"I at least go on very comfortably without the belief that the cosmos, whether it wears a beard or not, needs me in order to know itself. I suppose it needs me as it needs any grain of sand, because I am here. And the whole, if there is a whole, would be I know not how much other, if an atom were subtracted from it, but I do not believe that a shudder would go through the sky if our whole ant heap were kerosened."
Justice Oliver Wendell Holmes
I am in one of those curious cycles that make a person think there is something to the movement of the stars, something that does affect our lives. The last two weeks I have been getting connected with former students in the most wonderful ways. Almost every day I have had emails, letters, visits, etc. going all the way back to the beginning of my years at the Salt Mine. In various ways, all these grads said thank you to me for my role in their various lives. Three different students wrote poems for me. One sent a magazine with her writings (thanks, Brady!). Three visited me personally. One sent a note saying that he was rethinking a lesson we did with Thoreau back in the early nineties. This morning I got a sweet letter from my Uzbek girl saying how she would like to keep connected.
It has been the most uplifting and gratifying series of days. Maybe it is a result of the simple accumulation of forty years of teaching. My first class taught by me (like Ann Elk's theory) was back in 1967, literally. It is also a consequence of some kind of connection that I am able to make with my students. Many of them keep a thread of significance with me, choose not to go off into their lives without a finger on this part of their pasts.
I do think and know that the Salt Mine in former years had the talent to hire teachers whose personalities were similar to mine in that area. Others of the first twenty years of SMHS also keep connected to graduates. And that trait of "family" connectedness is almost unique to the Salt Mine, from what I hear. I know of no other school that can claim such personal loyalty to the teachers. And I give credit to a series of administrators who trusted hiring of new staff to people who would be sensitive to that quality. It created for many years a warmth and trust among teachers and students, a unique environment.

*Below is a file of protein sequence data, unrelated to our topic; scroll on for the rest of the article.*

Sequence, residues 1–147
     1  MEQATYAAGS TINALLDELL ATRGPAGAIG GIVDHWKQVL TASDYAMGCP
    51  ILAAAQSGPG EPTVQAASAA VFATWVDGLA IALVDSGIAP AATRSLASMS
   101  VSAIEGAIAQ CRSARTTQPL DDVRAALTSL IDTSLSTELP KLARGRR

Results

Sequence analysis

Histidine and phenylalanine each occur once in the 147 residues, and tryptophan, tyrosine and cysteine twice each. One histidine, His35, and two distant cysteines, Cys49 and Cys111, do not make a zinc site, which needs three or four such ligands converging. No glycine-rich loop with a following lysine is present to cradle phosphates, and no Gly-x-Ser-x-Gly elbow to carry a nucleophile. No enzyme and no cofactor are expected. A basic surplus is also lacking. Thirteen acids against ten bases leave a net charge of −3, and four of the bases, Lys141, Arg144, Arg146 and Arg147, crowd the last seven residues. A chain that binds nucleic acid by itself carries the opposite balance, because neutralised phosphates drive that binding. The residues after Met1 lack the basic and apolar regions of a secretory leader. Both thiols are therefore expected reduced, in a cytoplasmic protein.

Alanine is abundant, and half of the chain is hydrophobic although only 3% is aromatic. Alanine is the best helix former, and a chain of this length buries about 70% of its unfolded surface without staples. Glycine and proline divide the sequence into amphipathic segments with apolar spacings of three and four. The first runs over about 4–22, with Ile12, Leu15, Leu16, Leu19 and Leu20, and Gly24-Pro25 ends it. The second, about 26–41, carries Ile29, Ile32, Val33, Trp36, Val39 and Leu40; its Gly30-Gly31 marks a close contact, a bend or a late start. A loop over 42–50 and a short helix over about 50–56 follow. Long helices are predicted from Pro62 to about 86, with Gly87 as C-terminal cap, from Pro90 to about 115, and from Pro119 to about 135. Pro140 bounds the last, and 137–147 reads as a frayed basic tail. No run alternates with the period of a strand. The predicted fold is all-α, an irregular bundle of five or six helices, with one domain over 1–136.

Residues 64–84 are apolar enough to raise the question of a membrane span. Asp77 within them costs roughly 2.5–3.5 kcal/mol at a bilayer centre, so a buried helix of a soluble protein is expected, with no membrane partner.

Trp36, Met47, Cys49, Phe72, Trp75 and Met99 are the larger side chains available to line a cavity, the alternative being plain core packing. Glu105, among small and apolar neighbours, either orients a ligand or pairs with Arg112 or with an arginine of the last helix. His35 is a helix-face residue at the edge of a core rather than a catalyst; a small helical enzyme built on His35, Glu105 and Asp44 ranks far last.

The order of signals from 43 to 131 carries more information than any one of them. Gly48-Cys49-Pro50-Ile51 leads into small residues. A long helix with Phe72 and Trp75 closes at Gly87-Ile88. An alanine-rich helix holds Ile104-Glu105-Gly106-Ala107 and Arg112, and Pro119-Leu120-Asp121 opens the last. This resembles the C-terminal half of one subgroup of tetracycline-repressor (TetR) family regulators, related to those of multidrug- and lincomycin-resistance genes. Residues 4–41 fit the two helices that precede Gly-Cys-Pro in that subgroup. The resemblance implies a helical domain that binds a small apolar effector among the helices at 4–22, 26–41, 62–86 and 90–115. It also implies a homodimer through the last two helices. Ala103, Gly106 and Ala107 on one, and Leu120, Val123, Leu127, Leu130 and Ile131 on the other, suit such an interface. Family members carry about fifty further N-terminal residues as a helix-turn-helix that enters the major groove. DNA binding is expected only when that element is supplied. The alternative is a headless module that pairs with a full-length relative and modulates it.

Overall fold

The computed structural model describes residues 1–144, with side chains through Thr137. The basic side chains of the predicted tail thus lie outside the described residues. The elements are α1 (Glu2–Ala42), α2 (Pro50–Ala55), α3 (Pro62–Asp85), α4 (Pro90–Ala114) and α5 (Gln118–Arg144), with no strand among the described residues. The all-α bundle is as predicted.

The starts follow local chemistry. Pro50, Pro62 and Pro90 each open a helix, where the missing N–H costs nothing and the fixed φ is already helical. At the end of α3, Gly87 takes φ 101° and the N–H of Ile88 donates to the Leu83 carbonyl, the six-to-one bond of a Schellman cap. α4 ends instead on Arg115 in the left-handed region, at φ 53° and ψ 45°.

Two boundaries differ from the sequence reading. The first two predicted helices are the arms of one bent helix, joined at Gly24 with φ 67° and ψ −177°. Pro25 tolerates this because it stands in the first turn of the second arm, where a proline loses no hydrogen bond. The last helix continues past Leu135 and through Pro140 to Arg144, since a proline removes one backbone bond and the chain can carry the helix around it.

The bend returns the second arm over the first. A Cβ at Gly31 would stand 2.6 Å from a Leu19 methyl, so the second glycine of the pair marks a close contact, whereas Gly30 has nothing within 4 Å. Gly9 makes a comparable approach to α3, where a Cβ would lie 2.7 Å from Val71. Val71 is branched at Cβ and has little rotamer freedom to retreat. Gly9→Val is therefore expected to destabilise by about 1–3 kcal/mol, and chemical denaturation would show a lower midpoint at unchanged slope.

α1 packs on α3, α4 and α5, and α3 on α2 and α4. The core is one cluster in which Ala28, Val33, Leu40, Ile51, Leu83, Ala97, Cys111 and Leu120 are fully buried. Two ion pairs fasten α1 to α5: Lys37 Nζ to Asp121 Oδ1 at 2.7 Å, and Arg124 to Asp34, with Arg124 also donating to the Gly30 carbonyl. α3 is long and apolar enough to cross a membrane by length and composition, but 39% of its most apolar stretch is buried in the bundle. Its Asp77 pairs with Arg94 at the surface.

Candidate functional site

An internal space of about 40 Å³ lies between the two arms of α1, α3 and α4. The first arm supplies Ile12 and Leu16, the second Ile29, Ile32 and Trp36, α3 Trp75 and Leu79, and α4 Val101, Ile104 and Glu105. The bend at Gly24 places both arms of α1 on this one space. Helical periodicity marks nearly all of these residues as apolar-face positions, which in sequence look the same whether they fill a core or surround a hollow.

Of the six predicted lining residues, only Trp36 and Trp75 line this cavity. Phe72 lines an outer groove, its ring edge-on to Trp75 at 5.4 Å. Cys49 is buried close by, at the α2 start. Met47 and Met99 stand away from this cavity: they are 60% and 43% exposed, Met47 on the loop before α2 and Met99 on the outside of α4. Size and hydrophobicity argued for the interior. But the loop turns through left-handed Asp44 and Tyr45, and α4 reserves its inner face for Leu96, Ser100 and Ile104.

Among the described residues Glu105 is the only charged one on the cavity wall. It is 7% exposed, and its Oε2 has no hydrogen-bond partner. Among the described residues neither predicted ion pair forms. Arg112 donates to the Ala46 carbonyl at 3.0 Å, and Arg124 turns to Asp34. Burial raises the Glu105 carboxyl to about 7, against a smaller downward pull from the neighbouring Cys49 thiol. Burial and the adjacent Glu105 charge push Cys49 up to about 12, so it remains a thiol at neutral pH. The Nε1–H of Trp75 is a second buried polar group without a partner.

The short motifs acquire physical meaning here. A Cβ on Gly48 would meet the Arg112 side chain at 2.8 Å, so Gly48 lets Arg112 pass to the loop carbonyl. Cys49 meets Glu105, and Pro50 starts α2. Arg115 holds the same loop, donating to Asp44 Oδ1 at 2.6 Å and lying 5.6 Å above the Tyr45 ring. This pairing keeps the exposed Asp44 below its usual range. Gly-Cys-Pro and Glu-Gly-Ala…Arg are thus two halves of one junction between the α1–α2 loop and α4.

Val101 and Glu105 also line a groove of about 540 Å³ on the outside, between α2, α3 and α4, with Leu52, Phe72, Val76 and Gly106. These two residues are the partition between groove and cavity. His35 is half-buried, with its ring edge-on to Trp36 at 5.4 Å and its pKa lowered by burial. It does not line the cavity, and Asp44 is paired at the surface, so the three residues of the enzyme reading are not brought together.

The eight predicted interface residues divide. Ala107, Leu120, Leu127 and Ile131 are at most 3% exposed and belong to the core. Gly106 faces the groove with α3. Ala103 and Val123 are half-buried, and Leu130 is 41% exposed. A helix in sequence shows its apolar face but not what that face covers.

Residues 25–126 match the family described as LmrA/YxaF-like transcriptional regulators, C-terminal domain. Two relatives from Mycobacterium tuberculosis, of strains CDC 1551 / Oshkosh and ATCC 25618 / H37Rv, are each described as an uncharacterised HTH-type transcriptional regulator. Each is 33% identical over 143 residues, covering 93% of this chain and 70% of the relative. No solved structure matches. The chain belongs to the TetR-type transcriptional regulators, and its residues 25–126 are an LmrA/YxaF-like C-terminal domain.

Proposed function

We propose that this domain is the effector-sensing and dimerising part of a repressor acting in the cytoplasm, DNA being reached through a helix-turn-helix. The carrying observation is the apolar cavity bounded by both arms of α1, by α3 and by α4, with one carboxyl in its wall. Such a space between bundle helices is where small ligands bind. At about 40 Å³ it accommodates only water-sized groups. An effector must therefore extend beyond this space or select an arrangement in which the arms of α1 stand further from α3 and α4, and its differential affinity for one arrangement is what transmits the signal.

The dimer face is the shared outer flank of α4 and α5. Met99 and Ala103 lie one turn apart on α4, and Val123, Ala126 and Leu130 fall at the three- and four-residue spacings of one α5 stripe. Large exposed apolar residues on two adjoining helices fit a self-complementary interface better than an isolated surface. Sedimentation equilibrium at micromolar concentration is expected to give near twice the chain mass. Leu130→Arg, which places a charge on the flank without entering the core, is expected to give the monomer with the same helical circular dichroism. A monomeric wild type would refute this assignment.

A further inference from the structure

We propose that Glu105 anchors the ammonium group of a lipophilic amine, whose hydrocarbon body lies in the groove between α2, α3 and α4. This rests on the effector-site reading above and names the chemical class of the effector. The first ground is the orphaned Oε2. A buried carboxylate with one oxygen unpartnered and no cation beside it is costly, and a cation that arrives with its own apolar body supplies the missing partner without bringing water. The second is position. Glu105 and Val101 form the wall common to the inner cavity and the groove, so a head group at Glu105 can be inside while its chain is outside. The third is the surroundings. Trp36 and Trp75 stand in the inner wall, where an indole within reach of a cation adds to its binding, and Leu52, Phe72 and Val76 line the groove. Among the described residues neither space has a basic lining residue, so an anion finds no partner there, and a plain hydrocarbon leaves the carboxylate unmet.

This connection with grads comes at a time when I am seriously trying to plan my likely steps to retirement. At least I need to think seriously rather than in my usual humorous joke with the kids that I have one foot in the grave. One of the grads told me this week that he expected me to be on staff to teach his child, who is of the age to be a freshman next year. It set me back, as I had to face the actual fact that I will certainly not be around to teach senior English to a member of the class of 2012. I will be lucky to be alive, to say nothing about working.
Oh, well. One of our administrators told me that all these great connections were "compensation for dedication to teaching," a nice phrase. And true. Of course, compensation in the form of long green is nice, too. In the long run, when I am living on social security baked beans, it will be all the compensation left. (The school will say good-bye to me with no tears, believe me.) So, I think, all those threads connecting me to the students I have taught will be what have to keep my sense of self-value afloat during the further years of decline.